James has published in the AOS, Orchid Digest, and CSA magazines, and is well respected for his vast knowledge as well as his distinctive sense of humor. He lectures all over the world at orchid shows and World Orchid Conferences. He is a Cymbidium Society of America Judge, former member of the AOS Conservation Committee, and active member of the Japan Grand Prix Organizing committee where he has judged every year at the world famous Tokyo Dome. Don’t miss this opportunity to learn about Laelias and hear this excellent speaker.

Dr. Daniel L. Geiger, Ph.D. to speak at the SFVOS on October 1st

Oberonia under the microscope

Please join us Wednesday, October 1st at the Sepulveda Garden center to hear Dr. Geiger’s talk and watch his PowerPoint presentation on this interesting subject.
Oberonia is a literally and figuratively overlooked genus of orchids with minute flowers. Daniel has become interested in this genus with some 150-300 species. An overview of the genus is provided, including many never seen before images taken with light and scanning electron microscopes. Most specimens available in the trade are misidentified; the process of checking the identification of a plant is detailed. Approaches to experimental culture of oddball orchids rounds out the presentation. This may be particularly interesting to growers who want to expand into under-appreciated orchids, or may be tempted with small research projects.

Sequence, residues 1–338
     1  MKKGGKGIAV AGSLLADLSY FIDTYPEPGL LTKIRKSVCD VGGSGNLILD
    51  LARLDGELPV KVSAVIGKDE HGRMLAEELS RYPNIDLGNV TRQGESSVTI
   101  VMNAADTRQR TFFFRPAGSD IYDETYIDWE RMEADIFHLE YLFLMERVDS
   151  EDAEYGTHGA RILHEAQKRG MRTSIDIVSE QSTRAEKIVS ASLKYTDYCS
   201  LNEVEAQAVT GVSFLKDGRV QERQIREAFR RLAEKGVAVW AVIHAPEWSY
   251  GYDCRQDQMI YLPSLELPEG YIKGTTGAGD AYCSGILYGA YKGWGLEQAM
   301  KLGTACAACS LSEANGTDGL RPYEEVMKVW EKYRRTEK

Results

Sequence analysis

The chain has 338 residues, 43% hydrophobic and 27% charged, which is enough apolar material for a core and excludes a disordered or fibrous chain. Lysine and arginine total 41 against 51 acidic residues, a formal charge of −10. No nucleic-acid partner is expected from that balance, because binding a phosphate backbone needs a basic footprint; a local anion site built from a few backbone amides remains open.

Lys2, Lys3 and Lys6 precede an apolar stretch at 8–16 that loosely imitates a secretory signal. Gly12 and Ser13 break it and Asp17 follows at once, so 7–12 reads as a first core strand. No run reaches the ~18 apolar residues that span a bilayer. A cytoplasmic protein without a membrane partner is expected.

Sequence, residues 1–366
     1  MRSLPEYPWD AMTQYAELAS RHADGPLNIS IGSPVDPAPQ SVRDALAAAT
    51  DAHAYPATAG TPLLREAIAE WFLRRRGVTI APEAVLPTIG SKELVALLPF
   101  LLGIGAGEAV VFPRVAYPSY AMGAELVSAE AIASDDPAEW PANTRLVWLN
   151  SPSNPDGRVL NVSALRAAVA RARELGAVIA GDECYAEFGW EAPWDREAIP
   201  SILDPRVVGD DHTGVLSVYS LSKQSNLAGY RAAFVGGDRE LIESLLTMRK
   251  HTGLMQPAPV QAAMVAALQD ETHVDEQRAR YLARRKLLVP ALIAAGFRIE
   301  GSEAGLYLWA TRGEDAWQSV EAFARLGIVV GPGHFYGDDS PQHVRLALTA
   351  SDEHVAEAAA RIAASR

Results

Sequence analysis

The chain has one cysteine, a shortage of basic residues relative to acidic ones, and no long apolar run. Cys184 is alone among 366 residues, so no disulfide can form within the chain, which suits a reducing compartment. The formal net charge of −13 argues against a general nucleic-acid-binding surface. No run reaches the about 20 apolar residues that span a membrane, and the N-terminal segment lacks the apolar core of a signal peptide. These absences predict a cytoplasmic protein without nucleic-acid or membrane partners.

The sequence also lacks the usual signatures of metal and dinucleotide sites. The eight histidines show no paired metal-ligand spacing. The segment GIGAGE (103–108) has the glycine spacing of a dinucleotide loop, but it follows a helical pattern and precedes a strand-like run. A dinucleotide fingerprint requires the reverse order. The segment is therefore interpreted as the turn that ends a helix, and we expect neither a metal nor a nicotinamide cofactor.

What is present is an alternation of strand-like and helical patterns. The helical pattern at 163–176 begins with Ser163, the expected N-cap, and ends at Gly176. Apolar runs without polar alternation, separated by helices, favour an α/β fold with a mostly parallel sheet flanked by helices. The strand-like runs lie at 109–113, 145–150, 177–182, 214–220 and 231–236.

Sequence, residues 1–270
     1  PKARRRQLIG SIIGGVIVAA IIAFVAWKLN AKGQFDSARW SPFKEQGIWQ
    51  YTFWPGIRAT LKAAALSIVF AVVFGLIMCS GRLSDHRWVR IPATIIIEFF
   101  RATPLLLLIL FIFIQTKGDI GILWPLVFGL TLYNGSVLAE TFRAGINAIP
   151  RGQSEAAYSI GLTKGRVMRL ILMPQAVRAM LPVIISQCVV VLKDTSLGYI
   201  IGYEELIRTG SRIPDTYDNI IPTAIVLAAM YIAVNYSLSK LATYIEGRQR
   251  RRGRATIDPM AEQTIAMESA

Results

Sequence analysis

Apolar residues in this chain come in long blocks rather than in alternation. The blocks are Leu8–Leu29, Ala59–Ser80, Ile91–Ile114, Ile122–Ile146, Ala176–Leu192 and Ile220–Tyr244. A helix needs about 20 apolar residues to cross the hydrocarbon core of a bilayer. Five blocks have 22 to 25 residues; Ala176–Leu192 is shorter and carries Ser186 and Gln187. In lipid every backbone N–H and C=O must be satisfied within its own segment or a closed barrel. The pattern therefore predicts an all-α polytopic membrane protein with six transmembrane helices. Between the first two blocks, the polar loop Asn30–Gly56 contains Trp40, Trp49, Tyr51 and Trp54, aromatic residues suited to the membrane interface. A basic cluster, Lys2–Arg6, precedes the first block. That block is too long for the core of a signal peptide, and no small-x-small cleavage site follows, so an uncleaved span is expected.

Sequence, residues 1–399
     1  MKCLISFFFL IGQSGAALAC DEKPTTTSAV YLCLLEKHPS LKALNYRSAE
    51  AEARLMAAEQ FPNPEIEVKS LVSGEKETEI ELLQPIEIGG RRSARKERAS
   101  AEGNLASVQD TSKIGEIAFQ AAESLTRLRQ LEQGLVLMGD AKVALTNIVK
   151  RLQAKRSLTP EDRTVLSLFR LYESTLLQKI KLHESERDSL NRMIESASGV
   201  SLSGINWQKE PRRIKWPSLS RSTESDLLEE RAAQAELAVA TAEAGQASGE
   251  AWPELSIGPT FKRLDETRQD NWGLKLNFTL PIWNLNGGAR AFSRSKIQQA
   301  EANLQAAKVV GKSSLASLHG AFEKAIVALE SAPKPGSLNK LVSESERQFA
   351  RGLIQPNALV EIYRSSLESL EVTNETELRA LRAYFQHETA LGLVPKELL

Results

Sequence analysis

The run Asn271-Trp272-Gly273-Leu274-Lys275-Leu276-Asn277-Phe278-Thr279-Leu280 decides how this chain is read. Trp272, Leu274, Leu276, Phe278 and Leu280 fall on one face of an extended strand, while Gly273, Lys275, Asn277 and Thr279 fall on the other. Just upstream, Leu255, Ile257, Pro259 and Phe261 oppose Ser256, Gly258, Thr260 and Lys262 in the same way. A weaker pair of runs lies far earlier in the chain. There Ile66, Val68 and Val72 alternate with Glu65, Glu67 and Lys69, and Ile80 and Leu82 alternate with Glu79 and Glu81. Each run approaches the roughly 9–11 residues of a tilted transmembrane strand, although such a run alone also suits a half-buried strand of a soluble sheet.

Dr. Daniel L. Geiger is Curator of Malacology (mollusks) at the Santa Barbara Museum of Natural History, where he also oversees the electron microscopy facility. As a hobby orchid grower, he specializes in Oberonia and Hippeophyllum, which are grown in two terraria and a small greenhouse. Due to his botanical interest, he also holds an appointment as a Visiting Research Scholar at the Huntington Botanical Garden. He has written a number or articles for AOS Orchids and the Orchid Digest, and received an AOS exhibit award for a display on Oberonia. For further information please see www.vetigastropoda.com

Arthur Pinkers to speak at the SFVOS on September 3rd, 2014 7pm

Subject: Miltoniopsis

Many of you will recall what an interesting speaker Arthur is from a previous talk he presented.  His goal is to make it fun while teaching us to be successful growing orchids.